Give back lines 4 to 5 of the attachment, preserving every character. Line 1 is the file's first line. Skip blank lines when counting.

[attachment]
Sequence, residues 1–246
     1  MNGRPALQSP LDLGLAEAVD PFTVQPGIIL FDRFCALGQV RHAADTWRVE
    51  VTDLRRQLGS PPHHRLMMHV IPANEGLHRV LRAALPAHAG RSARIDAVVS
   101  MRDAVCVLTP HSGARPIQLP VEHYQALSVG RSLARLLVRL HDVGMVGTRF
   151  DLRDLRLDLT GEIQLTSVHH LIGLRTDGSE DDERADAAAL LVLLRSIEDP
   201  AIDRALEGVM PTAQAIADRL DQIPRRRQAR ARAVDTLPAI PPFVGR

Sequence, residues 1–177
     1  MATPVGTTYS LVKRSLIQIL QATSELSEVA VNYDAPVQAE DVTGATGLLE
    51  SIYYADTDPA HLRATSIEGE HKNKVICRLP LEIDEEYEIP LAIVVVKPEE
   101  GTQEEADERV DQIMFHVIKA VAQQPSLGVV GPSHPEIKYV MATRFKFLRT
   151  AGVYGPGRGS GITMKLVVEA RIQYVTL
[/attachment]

   101  MRDAVCVLTP HSGARPIQLP VEHYQALSVG RSLARLLVRL HDVGMVGTRF
   151  DLRDLRLDLT GEIQLTSVHH LIGLRTDGSE DDERADAAAL LVLLRSIEDP